The history of shiraz is a potted history of wine. Begat from two obscure breeds – dureza and mondeuse blanche – syrah has a spotty history, with rap sheet to match. Sometime blending grape, partial highwayman, gigging food critic; wait, that can’t be right.
Ah, but the history part isn’t finished. Syrah found a home in the Rhône Valley, specifically on hot hilltops. Then, as if its adventures hadn’t fulfilled ten lives, syrah ended up on a vacation to a strange southern land. That land was Australia, where it took up an alias and began a new life as a marketing darling and public icon.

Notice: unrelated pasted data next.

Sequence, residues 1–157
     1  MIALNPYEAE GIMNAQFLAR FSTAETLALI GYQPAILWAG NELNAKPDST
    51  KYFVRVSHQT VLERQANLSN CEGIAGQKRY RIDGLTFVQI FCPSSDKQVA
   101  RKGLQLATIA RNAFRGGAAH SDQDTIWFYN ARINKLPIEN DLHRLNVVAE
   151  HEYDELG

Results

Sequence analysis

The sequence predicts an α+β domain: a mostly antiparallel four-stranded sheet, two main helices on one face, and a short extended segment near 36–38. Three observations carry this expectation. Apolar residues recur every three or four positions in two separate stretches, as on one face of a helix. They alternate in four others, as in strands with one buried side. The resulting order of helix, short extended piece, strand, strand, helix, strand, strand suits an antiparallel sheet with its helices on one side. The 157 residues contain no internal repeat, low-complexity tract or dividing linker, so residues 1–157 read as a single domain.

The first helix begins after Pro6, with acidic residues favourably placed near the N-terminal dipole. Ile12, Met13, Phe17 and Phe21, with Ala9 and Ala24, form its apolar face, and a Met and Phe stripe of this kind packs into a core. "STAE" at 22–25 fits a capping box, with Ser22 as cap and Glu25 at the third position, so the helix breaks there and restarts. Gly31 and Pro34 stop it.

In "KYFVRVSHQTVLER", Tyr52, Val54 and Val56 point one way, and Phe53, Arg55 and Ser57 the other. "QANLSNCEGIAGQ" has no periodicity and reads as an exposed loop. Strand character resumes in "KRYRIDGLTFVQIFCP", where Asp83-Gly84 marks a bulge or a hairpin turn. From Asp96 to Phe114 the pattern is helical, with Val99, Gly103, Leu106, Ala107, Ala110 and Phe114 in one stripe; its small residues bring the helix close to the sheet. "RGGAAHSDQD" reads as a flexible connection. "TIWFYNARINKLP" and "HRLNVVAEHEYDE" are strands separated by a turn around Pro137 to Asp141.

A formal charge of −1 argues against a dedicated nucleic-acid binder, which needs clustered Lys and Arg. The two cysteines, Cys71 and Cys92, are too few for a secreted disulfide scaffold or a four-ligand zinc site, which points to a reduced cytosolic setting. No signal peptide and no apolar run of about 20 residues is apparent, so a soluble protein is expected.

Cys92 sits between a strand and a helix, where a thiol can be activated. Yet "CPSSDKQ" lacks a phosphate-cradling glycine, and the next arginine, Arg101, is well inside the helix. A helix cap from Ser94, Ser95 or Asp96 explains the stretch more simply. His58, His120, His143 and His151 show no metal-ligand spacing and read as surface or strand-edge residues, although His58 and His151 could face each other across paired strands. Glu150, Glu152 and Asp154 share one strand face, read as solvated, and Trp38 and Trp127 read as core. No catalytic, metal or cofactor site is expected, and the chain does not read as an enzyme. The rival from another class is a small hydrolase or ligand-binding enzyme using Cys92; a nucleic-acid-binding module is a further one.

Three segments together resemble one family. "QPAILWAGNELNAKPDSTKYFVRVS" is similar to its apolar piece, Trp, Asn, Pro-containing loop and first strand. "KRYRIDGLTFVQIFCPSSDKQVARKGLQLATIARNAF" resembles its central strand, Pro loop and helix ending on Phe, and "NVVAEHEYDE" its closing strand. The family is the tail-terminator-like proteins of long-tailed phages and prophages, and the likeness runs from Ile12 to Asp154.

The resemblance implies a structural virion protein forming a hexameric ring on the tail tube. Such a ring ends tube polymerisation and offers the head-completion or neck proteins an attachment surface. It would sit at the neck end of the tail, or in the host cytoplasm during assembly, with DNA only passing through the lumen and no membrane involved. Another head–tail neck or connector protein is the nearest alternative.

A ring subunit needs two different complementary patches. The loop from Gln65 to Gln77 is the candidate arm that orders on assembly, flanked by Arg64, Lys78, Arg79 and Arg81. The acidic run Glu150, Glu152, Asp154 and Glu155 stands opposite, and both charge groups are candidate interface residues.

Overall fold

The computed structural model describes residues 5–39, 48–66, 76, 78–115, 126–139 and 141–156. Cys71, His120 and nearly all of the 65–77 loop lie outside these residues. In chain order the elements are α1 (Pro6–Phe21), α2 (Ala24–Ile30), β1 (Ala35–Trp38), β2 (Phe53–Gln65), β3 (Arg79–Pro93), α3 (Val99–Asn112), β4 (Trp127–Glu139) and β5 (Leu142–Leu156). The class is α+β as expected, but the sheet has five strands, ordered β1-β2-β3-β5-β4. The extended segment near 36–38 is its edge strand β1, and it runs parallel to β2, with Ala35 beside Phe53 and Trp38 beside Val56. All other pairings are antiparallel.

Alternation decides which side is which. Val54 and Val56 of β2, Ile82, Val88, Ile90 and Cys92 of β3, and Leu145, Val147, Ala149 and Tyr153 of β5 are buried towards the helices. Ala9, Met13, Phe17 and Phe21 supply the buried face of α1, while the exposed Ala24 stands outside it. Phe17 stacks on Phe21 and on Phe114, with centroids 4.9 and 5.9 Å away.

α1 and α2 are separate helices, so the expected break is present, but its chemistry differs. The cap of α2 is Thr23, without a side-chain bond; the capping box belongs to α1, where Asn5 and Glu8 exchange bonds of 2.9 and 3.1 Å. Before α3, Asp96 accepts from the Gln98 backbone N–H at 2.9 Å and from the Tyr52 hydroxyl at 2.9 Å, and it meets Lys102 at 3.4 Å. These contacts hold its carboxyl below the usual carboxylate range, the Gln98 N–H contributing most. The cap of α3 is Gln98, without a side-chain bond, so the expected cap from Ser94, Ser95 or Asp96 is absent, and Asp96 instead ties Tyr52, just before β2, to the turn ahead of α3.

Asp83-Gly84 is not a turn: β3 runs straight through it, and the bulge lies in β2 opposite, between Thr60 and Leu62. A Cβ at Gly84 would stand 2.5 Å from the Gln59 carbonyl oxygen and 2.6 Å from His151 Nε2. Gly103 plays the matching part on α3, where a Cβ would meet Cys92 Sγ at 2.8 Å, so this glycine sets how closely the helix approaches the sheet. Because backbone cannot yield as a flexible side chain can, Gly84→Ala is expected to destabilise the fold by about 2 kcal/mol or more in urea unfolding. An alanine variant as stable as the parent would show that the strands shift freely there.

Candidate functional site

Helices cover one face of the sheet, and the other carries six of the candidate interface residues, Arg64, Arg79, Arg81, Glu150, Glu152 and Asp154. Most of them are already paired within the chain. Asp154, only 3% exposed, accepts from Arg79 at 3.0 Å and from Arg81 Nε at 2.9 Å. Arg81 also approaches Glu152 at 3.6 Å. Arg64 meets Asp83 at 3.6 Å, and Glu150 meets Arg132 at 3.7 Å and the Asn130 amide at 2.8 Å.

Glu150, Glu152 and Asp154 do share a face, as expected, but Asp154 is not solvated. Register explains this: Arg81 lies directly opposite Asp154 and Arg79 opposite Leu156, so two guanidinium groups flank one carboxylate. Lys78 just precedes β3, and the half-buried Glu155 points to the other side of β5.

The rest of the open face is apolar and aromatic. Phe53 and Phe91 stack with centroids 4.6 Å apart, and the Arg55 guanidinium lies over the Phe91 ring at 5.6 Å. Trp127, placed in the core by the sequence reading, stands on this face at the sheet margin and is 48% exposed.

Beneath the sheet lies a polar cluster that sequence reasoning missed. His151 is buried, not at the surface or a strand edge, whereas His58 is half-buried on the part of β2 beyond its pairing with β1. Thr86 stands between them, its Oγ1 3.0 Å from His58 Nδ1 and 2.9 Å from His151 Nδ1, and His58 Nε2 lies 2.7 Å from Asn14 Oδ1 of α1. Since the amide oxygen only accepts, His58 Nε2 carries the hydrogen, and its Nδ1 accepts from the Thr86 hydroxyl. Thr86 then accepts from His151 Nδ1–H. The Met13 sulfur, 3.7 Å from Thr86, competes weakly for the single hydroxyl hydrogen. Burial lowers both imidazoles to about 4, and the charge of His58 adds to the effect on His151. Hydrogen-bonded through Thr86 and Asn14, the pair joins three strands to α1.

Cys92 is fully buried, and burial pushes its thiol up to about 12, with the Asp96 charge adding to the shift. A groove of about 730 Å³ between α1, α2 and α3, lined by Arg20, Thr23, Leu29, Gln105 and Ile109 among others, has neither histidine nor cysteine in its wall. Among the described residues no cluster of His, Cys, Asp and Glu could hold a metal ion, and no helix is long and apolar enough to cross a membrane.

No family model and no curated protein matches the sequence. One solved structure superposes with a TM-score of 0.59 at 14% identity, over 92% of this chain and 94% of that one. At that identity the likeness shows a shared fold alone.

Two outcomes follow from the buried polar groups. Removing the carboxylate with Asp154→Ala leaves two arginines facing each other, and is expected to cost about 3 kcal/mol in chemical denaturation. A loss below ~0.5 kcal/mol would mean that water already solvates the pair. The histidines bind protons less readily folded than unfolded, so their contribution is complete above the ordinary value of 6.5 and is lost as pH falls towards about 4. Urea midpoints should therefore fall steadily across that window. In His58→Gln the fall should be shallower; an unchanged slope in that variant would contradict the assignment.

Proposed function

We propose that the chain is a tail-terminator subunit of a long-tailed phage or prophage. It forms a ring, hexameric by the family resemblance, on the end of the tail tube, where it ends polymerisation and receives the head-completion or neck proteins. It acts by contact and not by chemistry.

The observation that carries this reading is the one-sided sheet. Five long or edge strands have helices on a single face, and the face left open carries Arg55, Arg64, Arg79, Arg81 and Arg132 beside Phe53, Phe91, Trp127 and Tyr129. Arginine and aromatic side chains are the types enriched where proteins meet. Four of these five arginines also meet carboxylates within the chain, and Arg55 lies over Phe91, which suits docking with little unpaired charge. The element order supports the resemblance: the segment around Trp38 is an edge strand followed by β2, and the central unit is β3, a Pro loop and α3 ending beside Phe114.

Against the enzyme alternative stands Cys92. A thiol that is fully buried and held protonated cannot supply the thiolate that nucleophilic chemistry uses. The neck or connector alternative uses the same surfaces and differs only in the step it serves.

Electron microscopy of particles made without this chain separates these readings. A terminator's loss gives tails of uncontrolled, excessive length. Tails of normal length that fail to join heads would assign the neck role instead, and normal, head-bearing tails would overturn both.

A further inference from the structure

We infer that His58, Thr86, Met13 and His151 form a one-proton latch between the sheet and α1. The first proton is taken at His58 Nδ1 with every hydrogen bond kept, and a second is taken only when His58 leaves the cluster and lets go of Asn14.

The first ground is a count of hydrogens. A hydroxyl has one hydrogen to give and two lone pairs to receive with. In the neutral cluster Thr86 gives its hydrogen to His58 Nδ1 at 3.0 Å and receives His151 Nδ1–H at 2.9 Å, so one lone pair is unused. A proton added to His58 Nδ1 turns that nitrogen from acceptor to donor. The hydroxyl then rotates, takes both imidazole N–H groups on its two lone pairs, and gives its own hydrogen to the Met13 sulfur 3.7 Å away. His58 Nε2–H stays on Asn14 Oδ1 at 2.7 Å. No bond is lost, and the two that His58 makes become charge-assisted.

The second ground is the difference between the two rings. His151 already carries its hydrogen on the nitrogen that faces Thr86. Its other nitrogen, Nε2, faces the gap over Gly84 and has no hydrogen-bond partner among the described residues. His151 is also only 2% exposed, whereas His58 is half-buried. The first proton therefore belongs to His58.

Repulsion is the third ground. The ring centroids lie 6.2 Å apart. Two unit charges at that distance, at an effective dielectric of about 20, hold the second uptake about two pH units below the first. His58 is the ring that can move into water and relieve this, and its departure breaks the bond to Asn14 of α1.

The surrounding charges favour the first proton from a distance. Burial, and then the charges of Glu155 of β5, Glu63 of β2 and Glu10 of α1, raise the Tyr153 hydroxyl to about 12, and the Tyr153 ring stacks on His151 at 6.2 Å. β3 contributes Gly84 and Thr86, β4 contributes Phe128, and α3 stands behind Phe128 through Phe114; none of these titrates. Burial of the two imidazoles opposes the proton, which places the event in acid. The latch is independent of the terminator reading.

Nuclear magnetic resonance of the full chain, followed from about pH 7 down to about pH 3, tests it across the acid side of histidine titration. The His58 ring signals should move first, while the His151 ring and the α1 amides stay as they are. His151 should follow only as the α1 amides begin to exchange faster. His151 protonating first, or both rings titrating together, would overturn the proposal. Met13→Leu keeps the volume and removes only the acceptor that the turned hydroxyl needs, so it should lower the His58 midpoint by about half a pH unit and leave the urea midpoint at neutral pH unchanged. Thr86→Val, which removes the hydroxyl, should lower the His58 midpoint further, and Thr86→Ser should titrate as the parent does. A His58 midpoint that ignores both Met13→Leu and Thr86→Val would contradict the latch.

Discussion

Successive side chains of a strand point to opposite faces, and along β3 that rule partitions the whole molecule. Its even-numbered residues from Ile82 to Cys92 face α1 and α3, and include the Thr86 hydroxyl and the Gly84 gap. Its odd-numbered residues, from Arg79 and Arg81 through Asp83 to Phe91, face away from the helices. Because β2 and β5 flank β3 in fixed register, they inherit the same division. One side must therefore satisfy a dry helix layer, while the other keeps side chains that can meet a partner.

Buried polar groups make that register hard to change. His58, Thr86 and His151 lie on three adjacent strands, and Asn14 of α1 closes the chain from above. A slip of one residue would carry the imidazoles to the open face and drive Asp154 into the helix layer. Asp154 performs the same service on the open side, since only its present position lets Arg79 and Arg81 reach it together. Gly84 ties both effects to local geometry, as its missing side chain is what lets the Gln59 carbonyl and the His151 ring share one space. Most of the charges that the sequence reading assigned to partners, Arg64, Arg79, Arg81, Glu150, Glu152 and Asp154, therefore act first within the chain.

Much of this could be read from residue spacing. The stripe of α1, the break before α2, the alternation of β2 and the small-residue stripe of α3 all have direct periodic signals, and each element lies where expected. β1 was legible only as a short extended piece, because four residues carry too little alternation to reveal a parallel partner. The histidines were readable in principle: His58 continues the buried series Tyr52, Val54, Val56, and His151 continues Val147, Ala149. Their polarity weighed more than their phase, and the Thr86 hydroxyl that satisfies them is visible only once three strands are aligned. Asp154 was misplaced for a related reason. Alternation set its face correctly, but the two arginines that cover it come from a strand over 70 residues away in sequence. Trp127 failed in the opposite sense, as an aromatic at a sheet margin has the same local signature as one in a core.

Shiraz is identified with the southern hemisphere’s big brown land, with good reason. The German-created Barossa Valley, north of South Australia’s capital, Adelaide nicely reflects syrah’s journey. From the 1840s, religious and political immigrants arrived in South Australia, bringing wine skill and culture. That was enough.
In 2017, this is the result. An entirely competent, drinking-ready, quality glass of wine. With its thick skin and specific terroir preference, shiraz thrives in many places, but becomes sublime in only a few. Hermitage, obvs. And in this distant, difficult and completely surprisingly land of drought, flood and difficulty.
Classic Barossa shiraz. Blueberry cobbler nose, full body, front-loaded taste, and yet after some air, the whole enterprise settles to deep fruit and spice wonderment plus acids and tannins. All in balance.